In many ways, Crimea has become a showcase for this nationalistic revival. Billboards bearing images of Putin and touting the region’s glorious “reunification” with Russia are now ubiquitous. Since 2014, local officials have also erected numerous monuments to cultural and political figures from Russian and Soviet history, including key actors in Crimea’s colonial experience, such as Empress Catherine II, Tsar Nicholas II, and, most troublingly, Joseph Stalin. The Soviet ruler has undergone something of a rehabilitation across Russia in recent years, but this has been especially prominent in Crimea. Stalin’s image is deeply offensive to the Crimean Tatars, who remember their people’s suffering from the 1944 deportation that he ordered.
In another manifestation of Russian nationalism rooted in Soviet nostalgia, Crimean children are increasingly subjected to “patriotic education” exercises that glorify the military and indoctrinate them with animosity toward Russia’s perceived enemies—including Ukraine. As part of this reeducation program, children are dressed in military uniforms and paraded as political props during patriotic celebrations, particularly Victory Day—commemorating the Soviet triumph over Nazi Germany in World War II—normally celebrated on May 9, but postponed until June 24 this year due to the COVID-19 pandemic.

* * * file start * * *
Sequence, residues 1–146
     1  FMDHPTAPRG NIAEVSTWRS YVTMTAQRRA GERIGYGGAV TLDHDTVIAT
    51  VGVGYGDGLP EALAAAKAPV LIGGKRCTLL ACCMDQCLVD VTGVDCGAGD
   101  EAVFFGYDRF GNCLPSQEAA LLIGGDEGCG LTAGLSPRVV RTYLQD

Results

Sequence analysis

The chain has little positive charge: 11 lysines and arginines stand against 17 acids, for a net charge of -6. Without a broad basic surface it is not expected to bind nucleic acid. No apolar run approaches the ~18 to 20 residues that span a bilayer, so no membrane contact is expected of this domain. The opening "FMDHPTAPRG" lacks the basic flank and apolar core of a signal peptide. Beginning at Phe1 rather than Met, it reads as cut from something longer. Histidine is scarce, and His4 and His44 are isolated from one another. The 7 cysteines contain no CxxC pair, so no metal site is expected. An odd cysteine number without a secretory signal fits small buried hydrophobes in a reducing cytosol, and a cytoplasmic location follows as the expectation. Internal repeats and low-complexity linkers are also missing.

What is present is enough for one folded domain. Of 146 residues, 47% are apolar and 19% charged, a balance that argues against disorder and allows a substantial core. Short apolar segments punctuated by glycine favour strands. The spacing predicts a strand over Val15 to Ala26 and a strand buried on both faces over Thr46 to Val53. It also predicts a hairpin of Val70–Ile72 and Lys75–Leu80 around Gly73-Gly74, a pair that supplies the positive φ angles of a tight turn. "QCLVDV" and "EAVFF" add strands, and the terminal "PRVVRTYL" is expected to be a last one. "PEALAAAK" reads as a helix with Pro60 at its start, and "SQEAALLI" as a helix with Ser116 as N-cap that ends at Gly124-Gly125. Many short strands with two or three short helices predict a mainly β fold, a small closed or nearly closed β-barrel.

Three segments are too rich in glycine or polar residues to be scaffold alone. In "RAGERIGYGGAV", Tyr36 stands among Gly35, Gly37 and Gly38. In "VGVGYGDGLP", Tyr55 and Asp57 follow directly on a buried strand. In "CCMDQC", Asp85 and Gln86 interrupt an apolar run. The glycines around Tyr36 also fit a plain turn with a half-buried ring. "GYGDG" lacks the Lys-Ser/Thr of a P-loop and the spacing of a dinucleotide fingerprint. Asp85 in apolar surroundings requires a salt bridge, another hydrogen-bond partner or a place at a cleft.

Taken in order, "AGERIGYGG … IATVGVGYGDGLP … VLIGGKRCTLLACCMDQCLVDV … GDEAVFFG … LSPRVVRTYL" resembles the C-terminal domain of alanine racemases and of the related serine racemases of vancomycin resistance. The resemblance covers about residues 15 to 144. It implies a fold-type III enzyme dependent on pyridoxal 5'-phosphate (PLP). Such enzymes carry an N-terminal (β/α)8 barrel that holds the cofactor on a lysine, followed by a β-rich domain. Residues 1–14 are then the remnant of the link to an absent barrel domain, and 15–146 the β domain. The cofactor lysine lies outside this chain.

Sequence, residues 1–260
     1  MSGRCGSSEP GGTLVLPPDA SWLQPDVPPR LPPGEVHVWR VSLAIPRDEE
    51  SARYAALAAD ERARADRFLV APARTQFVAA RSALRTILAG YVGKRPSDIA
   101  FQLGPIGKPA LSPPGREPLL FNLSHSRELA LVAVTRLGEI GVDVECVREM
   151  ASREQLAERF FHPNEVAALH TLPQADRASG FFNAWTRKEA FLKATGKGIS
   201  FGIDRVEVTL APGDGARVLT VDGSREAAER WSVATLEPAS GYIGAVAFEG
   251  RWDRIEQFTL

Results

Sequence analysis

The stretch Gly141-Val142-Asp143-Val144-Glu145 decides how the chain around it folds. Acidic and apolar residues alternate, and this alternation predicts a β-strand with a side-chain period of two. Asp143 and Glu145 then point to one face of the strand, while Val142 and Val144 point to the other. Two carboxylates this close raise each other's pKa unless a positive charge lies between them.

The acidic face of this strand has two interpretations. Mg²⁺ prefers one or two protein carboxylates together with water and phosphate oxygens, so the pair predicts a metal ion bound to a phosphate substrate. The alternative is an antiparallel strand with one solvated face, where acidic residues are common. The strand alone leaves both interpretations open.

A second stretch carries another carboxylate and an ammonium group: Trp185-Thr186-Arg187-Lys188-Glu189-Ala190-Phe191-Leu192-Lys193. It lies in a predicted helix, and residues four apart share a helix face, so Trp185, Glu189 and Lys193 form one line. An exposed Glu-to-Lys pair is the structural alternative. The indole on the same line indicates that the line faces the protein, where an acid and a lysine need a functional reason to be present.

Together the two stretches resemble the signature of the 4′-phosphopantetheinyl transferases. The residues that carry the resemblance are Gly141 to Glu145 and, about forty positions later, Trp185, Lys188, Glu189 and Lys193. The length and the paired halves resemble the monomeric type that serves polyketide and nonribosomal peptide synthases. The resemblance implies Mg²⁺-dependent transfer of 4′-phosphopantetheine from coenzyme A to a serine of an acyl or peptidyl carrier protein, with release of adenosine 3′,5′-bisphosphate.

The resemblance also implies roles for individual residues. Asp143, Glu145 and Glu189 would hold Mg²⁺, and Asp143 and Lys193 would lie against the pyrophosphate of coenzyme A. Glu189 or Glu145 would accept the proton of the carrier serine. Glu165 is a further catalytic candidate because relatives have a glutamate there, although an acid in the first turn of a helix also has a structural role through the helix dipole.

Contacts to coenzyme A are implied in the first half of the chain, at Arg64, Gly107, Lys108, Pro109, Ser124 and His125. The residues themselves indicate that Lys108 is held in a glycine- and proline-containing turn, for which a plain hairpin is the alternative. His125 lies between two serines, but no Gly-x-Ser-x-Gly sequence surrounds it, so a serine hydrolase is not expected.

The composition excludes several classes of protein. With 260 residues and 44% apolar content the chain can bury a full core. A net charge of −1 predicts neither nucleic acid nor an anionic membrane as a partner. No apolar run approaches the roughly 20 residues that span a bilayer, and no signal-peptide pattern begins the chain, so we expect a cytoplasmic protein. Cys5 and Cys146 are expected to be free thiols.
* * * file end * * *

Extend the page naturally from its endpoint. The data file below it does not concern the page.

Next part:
While Crimea’s youth are being primed for military service, the United Nations estimates that at least 21,000 young men from the territory had already been conscripted into the Russian military as of February 2020—a violation of international law, since most of the world considers Russia a foreign occupier. Crimea has undergone rapid militarization since 2014, in one of the clearest parallels to its colonial past. Establishing a military presence in the heart of the Black Sea region was one of the motives driving Russia’s initial annexation of Crimea in the eighteenth century, and Russia maintained a limited naval presence in Sevastopol even after Ukraine became independent. Under its current occupation, Crimea has seen a dramatic influx of Russian military personnel and equipment.
Once limited by bilateral agreements with Kyiv to the port of Sevastopol, the Russian military has expanded to bases across Crimea. Its personnel in the region have nearly tripled, from 12,500 before the annexation to 31,500 as of March 2019. The numbers of Russian tanks, armored vehicles, artillery pieces, aircraft, ships, and submarines stationed in Crimea have similarly multiplied during the same period, transforming the occupied peninsula into a heavily fortified military outpost. There are fears that the Kremlin may be preparing to deploy nuclear weapons to the peninsula as well.